Gnome 3 ~ Windows 8?

James McKenzie jjmckenzie51 at gmail.com
Thu Jul 14 19:53:51 UTC 2011


On Wed, Jul 13, 2011 at 11:01 PM, Frantisek Hanzlik <franta at hanzlici.cz> wrote:
> Tim wrote:
>> I don't...  They all (Linux too) seem to be heading for being some sort
>> of iPad clone.  Being all the more inappropriate for trying to use a
>> touch-screen type of interface, when you don't have a touch-screen.
>>
>> They're also being painful as far as multi-tasking is concerned.
>> Wacking great big oversized GUIs for things, so you can't use two or
>> three applications side by side.  You have to window shuffle.
>>
>> Starting things from the icons on the desktop background, so you have to
>> get your windows out of the way to get to the icons.  Having to search
>> for your program, because there isn't a structured menu (either one
>> that's categorised, or one that doesn't keep re-arranging the order that
>> things and jumbled together).
>
> This is exactly one what I think about Gnome 3 - maybe good for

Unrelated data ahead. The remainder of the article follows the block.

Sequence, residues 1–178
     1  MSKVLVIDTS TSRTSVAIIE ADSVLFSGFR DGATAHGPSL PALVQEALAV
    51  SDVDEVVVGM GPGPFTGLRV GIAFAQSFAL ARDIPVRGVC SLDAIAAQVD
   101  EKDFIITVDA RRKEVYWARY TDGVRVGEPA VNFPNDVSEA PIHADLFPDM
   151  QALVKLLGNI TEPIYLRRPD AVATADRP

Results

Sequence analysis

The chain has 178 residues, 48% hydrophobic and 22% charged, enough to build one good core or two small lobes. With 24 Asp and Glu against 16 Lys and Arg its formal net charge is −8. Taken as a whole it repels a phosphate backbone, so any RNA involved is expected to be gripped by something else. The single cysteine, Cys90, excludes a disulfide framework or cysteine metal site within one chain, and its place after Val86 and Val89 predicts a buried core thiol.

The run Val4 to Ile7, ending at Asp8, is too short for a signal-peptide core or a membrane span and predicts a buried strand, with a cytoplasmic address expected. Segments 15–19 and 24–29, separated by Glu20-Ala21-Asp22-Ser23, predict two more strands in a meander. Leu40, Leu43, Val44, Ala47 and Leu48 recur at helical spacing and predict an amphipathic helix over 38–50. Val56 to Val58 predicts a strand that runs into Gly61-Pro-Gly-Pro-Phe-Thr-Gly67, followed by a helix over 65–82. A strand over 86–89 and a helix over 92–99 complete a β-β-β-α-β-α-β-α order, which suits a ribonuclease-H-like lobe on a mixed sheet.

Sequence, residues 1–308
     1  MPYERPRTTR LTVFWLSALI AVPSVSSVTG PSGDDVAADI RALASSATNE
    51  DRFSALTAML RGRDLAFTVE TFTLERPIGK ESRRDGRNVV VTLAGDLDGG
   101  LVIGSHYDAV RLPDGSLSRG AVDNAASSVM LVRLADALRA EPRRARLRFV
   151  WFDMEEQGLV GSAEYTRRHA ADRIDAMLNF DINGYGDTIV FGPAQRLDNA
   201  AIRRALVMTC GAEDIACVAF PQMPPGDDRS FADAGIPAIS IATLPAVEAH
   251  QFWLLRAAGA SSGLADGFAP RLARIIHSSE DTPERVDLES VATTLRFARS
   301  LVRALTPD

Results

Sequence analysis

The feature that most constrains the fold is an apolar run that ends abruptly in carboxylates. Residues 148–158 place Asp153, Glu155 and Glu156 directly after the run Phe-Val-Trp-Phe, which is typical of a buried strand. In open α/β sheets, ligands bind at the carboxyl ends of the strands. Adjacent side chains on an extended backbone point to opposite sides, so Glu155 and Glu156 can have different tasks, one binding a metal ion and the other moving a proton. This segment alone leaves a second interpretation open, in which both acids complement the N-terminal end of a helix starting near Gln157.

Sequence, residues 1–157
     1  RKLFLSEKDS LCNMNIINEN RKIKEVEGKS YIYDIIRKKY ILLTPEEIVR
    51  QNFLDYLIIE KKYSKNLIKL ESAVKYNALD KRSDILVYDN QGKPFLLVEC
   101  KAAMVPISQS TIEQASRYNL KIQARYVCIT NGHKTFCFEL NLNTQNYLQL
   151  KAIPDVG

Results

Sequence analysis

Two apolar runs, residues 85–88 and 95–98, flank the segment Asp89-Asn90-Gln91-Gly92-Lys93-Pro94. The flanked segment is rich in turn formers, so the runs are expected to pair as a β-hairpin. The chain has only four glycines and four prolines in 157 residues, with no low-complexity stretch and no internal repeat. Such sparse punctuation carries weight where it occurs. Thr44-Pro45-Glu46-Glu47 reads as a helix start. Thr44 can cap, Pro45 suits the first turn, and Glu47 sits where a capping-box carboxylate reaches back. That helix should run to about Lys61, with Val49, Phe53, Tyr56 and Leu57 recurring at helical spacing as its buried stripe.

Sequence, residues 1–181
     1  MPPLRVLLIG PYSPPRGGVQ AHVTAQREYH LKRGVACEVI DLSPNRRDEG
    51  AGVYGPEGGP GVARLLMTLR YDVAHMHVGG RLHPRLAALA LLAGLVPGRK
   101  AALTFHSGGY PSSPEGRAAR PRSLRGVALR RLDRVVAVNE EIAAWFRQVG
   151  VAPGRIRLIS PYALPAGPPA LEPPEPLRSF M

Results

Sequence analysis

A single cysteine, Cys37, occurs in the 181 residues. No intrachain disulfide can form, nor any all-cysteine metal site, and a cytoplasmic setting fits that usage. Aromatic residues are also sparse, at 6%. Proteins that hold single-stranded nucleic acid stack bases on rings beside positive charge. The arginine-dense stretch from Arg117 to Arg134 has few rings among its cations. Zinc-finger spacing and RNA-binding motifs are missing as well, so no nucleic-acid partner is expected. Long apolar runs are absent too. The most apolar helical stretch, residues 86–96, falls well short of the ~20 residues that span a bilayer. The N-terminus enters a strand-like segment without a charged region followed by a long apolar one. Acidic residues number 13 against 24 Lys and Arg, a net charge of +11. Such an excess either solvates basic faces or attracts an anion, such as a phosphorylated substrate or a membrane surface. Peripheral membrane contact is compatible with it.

> PADs, but tedious for power desktop users with many installed and
> simultaneously running apps.
> Golden Gnome 2!

Gnome 2 is now offically dead.

Now, back to what I said earlier.  YOU, the Linux user, have a CHOICE
of desktop/window managers.  YOU should avail yourself of this
feature.  If you want to 'resurect' Gnome2, you are more than welcome
to.  It is after all, GPL/LGPL licensed and you should be free to spin
off whatever you want.  However, do not expect the Gnome support team
to help in your efforts.

For all concerned:  The goal behind some of the moves you folks see in
desktops is to move more users to Linux vice 'that other stuff'.  This
means making things familiar to those folks.  I really would like for
the old projects to be continued for us older 'power users' and new
desktops to be introduced for those who need/desire those features.  I
did not like what happened when Windows95 introduced the 'Start'
button feature.  Over the years, I grew used to this.  I still think
that the idea is 'stupid' but I now understand why this happened.  And
I was and remain a command line power guru.

James McKenzie


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